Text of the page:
2. The transition phase

The transition phase of your blog comes when strong reader attention is established, and you are building reader loyalty. In the traditional marketing funnel, readers are moving from “being aware of what you offer” to “being interested in that offer”. And maybe even making a decision to eventually do business with you.

By the time your blog is transitioning out of the creation stage, your focus is becoming more targeted. Sure, you’re still creating content, but it’s a different type of content. As you start to transition into a more mature blog, your audience understands your unique value proposition (UVP) and is starting to compare what you offer, to what your competitors offer. Therefore, you want to highlight how you’re different from competitors in the content that you create.

This can be done through long-form pieces like ebooks, whitepapers and other data-driven studies that show a definable difference between you and the competition. It can also be done through videos, webinars, podcasts and other similar media that bring a human component to your brand which helps to build trust. Trust leads to sales, so this step is essential in your blog’s development.

At this point, you’re probably still doing some guest blogging, but on sites with increasingly higher domain authority. And, much of the content being created on your site may be from other guest bloggers from your niche that recognize your own blog as an authority. As a blog matures it should become increasingly easier to find free sources of quality content. And, sure, maybe pay on occasion for a really well-done piece as well.

As you start to move from being the sole creator to more of a delegator and manager, the time to start to focus on monetization opens up, and the third stage of maturity kicks in.

3. The monetization phase

Once your blog has reached full maturity it’s a well-oiled machine. You’re getting traffic from a wide variety of sources including organic search, social media, links that you’ve built, referrals and maybe even a little paid search traffic if you choose to take that gamble (and yes, it’s a gamble, unless you can scale it to thousands of dollars of spending a month).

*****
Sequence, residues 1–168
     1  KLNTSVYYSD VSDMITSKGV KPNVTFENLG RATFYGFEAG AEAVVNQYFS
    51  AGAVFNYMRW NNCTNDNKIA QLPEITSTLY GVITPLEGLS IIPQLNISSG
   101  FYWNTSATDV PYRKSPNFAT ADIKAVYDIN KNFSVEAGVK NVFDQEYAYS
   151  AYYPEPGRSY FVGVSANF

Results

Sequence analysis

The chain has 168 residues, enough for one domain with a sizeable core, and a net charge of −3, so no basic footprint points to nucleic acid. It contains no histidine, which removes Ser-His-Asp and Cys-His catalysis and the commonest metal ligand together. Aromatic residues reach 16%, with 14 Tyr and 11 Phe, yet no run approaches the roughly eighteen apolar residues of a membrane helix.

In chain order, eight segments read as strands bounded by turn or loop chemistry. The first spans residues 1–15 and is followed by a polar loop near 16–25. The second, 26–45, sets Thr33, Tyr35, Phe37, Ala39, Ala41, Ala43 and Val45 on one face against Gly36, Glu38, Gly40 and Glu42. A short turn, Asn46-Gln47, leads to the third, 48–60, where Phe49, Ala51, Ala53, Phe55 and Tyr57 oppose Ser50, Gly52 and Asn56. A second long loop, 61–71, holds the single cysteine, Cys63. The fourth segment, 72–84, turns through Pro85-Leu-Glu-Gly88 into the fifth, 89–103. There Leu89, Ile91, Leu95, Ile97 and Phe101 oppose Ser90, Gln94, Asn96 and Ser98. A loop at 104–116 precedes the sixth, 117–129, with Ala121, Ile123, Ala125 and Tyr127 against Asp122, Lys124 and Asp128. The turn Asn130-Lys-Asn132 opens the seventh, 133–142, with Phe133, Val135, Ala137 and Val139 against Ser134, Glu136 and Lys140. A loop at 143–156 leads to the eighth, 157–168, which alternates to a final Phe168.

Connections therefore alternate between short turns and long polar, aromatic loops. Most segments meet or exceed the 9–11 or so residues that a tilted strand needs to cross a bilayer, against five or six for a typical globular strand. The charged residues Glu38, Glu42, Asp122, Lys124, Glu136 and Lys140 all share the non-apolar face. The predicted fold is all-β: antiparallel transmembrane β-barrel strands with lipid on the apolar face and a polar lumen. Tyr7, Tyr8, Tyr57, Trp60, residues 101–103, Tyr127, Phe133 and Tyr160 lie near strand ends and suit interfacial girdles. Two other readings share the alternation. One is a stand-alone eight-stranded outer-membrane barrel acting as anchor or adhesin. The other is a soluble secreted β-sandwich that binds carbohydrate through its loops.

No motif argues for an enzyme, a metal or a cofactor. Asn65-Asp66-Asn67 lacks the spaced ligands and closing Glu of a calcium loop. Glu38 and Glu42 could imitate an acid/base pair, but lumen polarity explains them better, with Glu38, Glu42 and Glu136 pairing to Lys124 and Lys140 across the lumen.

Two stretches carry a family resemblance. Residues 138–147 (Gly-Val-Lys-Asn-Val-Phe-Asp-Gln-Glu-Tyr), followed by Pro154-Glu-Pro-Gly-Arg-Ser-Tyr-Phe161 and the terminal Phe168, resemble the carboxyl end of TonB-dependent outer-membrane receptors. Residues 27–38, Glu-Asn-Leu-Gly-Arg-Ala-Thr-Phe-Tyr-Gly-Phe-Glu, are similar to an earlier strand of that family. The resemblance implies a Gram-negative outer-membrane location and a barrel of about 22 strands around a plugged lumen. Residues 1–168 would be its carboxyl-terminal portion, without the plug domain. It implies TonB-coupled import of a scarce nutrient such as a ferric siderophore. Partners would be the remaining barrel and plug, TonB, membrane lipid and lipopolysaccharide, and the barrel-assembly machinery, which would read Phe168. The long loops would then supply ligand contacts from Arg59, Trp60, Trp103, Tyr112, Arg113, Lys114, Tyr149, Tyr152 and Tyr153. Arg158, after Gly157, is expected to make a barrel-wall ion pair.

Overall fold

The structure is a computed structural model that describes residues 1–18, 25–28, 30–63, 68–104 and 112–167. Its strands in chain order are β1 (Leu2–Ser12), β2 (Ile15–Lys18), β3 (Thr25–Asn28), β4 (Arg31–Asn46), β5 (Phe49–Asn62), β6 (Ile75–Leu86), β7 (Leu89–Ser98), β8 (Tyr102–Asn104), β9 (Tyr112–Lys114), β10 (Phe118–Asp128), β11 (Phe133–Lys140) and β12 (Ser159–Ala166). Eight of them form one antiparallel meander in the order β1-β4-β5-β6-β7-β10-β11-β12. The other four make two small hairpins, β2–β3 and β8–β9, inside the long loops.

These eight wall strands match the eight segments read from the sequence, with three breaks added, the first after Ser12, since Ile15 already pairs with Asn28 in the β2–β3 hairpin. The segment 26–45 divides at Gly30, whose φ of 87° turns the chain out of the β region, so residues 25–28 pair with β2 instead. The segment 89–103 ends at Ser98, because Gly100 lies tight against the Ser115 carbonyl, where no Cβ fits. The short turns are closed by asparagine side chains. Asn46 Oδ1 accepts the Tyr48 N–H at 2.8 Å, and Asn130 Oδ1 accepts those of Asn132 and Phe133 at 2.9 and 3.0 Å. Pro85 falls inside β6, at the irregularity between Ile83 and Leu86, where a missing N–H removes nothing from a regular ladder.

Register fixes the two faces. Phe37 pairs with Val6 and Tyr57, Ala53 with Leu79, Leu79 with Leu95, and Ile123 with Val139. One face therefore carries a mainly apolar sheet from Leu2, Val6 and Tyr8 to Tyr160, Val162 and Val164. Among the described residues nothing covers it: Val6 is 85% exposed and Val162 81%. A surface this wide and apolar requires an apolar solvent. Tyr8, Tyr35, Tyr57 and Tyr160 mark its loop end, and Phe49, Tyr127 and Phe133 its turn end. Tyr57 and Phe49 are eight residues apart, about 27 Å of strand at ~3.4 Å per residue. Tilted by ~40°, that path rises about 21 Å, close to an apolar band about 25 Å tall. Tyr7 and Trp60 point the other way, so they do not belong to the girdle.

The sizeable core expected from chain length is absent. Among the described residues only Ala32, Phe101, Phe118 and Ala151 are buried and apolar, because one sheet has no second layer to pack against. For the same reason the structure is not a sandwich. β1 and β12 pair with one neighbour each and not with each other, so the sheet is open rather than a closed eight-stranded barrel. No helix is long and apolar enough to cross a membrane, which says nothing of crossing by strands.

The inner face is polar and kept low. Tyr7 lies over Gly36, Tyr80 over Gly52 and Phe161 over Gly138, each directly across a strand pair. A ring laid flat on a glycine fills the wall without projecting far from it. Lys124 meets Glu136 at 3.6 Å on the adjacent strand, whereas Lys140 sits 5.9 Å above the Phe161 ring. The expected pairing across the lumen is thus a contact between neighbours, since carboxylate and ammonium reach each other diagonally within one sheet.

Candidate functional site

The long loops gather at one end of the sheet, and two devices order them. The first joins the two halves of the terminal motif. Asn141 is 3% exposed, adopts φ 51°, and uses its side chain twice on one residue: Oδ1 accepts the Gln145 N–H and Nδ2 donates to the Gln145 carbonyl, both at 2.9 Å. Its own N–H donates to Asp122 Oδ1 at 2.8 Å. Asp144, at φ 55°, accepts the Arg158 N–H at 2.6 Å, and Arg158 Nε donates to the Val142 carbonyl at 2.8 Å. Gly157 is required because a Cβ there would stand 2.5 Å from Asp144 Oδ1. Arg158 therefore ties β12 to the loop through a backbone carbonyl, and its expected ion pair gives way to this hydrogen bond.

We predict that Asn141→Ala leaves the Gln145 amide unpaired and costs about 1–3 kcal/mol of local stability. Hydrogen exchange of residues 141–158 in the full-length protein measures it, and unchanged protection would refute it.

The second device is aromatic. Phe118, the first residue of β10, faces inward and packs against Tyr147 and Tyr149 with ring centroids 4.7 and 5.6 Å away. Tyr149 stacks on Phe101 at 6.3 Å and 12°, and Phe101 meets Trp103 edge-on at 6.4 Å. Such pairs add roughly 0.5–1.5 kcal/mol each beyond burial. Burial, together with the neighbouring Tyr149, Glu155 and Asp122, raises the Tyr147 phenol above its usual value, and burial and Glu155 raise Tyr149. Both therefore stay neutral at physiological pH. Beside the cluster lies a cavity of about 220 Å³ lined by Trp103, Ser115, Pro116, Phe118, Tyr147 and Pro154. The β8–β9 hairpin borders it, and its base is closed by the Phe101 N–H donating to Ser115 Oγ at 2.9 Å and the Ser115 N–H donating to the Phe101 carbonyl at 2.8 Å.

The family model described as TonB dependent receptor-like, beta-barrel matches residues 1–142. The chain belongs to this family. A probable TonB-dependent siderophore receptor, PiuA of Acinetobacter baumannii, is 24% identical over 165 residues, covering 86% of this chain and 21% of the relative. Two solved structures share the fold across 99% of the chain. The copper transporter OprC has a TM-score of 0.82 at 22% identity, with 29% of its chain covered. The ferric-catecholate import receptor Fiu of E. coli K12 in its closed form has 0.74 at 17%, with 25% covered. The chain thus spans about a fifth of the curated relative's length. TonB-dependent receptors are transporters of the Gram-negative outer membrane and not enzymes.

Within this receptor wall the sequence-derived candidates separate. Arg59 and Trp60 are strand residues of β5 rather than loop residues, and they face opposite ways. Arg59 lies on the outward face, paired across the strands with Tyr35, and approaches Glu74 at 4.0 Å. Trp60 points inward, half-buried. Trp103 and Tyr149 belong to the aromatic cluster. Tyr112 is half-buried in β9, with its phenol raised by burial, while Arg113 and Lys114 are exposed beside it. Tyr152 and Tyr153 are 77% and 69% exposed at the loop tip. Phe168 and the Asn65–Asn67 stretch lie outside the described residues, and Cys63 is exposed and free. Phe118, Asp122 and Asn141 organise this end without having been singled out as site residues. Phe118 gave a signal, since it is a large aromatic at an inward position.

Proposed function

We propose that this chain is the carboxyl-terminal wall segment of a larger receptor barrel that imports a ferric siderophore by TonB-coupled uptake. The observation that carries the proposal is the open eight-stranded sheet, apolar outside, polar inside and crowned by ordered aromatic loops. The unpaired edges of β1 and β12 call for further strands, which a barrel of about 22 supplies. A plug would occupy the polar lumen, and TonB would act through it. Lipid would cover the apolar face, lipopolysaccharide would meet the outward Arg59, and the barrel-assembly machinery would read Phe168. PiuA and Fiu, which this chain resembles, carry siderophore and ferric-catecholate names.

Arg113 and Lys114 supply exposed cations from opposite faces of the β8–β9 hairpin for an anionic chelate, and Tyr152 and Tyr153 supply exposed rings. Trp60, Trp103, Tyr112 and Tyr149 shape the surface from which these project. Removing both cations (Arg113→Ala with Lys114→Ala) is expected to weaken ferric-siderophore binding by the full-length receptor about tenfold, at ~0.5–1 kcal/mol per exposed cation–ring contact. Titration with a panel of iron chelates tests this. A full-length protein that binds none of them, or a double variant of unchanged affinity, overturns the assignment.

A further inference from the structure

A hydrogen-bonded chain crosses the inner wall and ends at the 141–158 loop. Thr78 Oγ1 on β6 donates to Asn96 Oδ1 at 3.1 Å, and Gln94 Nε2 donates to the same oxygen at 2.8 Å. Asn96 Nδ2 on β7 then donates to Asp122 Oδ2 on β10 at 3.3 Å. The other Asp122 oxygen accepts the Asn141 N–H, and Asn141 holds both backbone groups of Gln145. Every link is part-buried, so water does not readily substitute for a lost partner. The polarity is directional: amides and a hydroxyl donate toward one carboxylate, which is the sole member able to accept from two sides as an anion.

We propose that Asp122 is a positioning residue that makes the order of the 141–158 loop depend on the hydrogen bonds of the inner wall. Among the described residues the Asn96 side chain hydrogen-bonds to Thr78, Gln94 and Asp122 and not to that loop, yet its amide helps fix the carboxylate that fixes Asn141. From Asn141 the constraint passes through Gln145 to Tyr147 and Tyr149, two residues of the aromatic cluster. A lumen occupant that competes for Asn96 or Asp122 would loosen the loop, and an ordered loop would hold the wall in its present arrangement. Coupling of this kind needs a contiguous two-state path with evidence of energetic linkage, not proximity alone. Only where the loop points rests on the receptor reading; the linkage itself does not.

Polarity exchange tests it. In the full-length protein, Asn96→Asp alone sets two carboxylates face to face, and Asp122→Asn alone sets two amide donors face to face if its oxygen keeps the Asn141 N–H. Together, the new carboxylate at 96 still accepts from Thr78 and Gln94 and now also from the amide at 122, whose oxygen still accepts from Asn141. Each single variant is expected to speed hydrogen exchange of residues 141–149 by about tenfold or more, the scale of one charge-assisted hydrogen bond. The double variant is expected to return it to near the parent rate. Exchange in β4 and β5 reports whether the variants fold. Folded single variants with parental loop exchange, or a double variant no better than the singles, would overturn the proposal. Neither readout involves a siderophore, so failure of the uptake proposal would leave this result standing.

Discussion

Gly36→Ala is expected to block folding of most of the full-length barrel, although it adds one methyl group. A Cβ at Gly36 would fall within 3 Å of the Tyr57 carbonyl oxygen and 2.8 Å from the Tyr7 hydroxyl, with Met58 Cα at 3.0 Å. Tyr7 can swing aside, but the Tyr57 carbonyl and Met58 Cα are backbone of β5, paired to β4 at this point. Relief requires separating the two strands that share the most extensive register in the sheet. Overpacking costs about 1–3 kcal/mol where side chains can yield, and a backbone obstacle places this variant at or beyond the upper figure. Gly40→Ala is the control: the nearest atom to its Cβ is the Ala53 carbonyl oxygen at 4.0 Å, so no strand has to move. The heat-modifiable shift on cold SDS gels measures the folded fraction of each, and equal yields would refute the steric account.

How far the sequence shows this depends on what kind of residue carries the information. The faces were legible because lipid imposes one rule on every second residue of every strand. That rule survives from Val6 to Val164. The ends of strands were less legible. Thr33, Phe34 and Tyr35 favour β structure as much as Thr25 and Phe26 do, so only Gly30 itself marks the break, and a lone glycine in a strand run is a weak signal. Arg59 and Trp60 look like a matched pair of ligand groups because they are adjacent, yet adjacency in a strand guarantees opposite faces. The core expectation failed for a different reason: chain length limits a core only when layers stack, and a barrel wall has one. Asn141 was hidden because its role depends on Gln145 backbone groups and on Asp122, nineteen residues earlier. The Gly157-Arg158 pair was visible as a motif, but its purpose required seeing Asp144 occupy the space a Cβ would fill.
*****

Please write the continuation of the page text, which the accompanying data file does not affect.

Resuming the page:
In the traditional marketing funnel, your readers are starting to become customers. They’re taking the action that you’ve prompted them to take throughout the life cycle of the content that you’ve created in the other maturity stages.

4 ways to monetize your blog

There are four common ways to monetize the traffic you’re now receiving:

  1. Consulting services
  2. Affiliate programs
  3. Advertising
  4. Online courses

Maintaining a healthy balance of these four means of monetization on your blog without overwhelming your readers is a big challenge. You want your consulting services to be obvious on your blog and attention driven to them through calls to action spread throughout it, but you also don’t want those CTAs to be annoying.

Affiliate programs can be a little more embedded, and less obvious. Most of the money you’ll likely make on affiliate commission will be via traffic that clicks on an affiliate link on your site and makes a purchase elsewhere, from which you receive a cut.

Advertising is the big one that can be a turn-off for your readers if you aren’t careful. But it can also be highly lucrative. The right mix of advertising units that provide a strong return on investment for the real estate they occupy, but also don’t degrade your user experience is absolutely vital. Much of your most impactful activity during the monetization phase is tweaking all of these elements together to make as much as possible. While making the experience as enjoyable as possible for your loyal readers.

Online courses can also be highly lucrative but take a great deal of work to create. These will likely be a work in progress over many months if not years. The easiest way to approach these, often, is for the courses to be a mirror of your cornerstone content. If you follow this route, additional topics can be added over time to attract more segmented readers with very specific interests. Online courses are an awesome source of passive income, for which the work you put in could end up being well worth it in the long run.


Building a blog is not easy. It’s not for the faint of heart. It’s a marathon that’s full of peaks and valleys, but you absolutely will learn a ton. And it’s what you learn – when combined with daily impactful effort – that can make you a success, and build a passive income which could change your life for the better.

Just be ready for the long haul!

Guide to Social Media Management for HigherEd Institutions

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Kris Hughes

Guest Blogger @Mention